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What You Must Know About Animall App

By Sandeep Goyal
August 14, 2023 16:24 IST
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Neetu Yadav and Kirti Jangra teamed up to create an app that is possibly the platinum standard for apps targeted at Bharat.

IMAGE: Kirti Jangra and Neetu Yadav Photograph: Kind courtesy

The Bharat Lab is a think-tank that tracks, understands and analyses consumers living beyond the metro cities.

The inevitable debate at The Bharat Lab has been on who really qualifies as an inhabitant of Bharat, and therefore merits being focused on and studied?

After much discussion and debate, the target audience has been simplistically narrowed down to residents of Tier-II, -III and -IV cities and towns, and beyond into the rural heartland.

Economists may not fully agree, but that is fine. It is the essence of Bharat that is the essential driver of research and academic focus at the think tank.

It seeks to understand the hinterland's aspirations, dreams, and ambitions -- they are the prime probe areas.

While researching successful case studies on Bharat, the Lab came across a very interesting app that has supposedly worked like magic in the Hindi belt. And that is the subject of this piece.

Two IITian girls, Neetu Yadav and Kirti Jangra -- one from Jaipur, one from Hisar -- teamed up 3-4 years ago to create an app that is possibly the platinum standard for apps targeted at Bharat.

An app that is a dream come true for dairy farmers, and for all engaged in animal husbandry.

An app, designed and created to improve the lives of dairy farmers in a meaningful way by making dairy farming significantly more profitable. They christened it Animall.

Animall was first conceptualised in June 2019 during a hackathon in Pratilipi (a storytelling platform) where Animall won both the jury and audience awards. That gave immense confidence to the two young engineers.

After talking to hundreds of dairy farmers, they started working on Animall as a weekend project in August 2019 and happily witnessed very strong user love and traction for their offering.

During this time, they talked to even more dairy farmers (thousands of them), to understand some of their problems.

They finally decided to invest their time, talent and energies full time to take on a large, untouched and untapped market: Cattle trading. This was in November 2019.

IMAGE: Kindly note the image has been posted only for representational purposes. Photograph: ANI Photo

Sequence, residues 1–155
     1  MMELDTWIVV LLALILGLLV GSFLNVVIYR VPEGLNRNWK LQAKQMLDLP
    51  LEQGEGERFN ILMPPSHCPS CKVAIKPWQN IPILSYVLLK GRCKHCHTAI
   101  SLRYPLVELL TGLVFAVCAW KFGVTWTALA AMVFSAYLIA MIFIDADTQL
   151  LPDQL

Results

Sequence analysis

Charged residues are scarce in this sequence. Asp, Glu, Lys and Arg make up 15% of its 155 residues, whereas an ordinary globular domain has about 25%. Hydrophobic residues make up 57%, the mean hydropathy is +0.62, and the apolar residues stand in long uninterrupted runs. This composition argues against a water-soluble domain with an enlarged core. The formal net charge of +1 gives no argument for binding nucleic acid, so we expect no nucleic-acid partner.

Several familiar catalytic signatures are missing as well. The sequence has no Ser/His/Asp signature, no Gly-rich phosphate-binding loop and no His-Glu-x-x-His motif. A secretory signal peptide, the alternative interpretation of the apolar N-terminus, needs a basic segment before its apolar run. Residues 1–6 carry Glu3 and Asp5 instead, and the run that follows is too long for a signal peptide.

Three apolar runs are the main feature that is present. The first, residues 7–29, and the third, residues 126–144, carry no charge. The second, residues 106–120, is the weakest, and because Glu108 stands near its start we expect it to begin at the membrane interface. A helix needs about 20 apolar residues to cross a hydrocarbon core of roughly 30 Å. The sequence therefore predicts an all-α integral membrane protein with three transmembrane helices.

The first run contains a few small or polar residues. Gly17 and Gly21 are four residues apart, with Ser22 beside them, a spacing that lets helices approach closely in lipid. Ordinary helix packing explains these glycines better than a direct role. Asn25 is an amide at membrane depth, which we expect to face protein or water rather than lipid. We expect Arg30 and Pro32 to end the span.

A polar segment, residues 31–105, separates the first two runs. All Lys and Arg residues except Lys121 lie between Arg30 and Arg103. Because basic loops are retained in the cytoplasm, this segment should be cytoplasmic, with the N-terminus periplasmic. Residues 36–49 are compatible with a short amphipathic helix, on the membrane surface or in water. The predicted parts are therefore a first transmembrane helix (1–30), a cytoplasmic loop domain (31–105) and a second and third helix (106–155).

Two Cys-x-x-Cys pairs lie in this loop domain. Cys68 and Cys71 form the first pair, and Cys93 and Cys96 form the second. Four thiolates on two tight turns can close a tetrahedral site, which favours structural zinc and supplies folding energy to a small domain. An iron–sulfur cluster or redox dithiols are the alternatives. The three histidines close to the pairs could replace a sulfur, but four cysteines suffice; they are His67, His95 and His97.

Today, based on available data, Animall has had 11 million installs. It has so far sold more than 1.5 million cattle on its platform, accounting for a gross transaction value (GTV) of over Rs 7,500 crore (Rs 75 billion).

There are currently 4 million cattle listed for sale on the site. Thus far, Animall has accounted for 30 million, or maybe more, buyer-seller interactions.

The app scores a farmer rating of 4.7 (out of 5) and has a net promoter score (NPS) of 65 plus -- NPS measures the loyalty of a company's customer base with a score from (-) 100 to (+) 100, which comes from customers answering the question: "How likely are you to recommend this company to a friend or colleague?" A score of over 65 is really good.

And yes, Animall charges zero commission on the sale or purchase of animals.

Where does Animall score well, especially in the context of Bharat?

Well, for starters, the app is thought through and created in Hindi.

It proudly proclaims that it is an app that is 'Bharat mein bana' (Made in Bharat), and it is a 'Gae-Bhains wallah App' (App for Cows-Buffaloes) where 'pashu' (animals) can be bought and sold.

The listings are very matter-of-fact and direct -- '15 litre kshamta, kundi bhains, Rs 70,000' (15 litres milk giving buffalo for Rs 70,000).

Interestingly, the listings also have information on how far the animal is from your location (because transportation is a big cost) and a tab that states 'mol-bhaav ho jayega' (price negotiable).

But what struck me as unequivocally and intrinsically Bharat was that the seller you could call was listed as 'Rohitji'.

To me, the usage of the appellation 'ji' further underlines the Bharat-ness of the app -- a certain courtesy that would be part of a normal physical interaction in Bharat, has been carried through to the online platform.

What impressed me even more was that India's biggest digital animal fair was being aggressively promoted on Animall.

Veterinarian consultations and knowledge dissemination sessions are a common feature too. Not a single trick of the trade is being missed by the two IITians.

No wonder, Animall is so well funded -- $36.3 million in the kitty after Series B. And includes investorssuch as Deepinder Goyal of Zomato, and Sahil Barua of Delhivery.

Bharat needs many more apps like Animall. Apps that are rooted in the reality of an India that people in the metros neither relate to, nor even try to understand.

In a language that the local populace speaks in, and understands.

Animall, most importantly, is contextually correct: Cattle trading is very important to those rooted in agriculture and dairy farming but is not a subject that townies resonate with.

Sandeep Goyal is managing director, Rediffusion.

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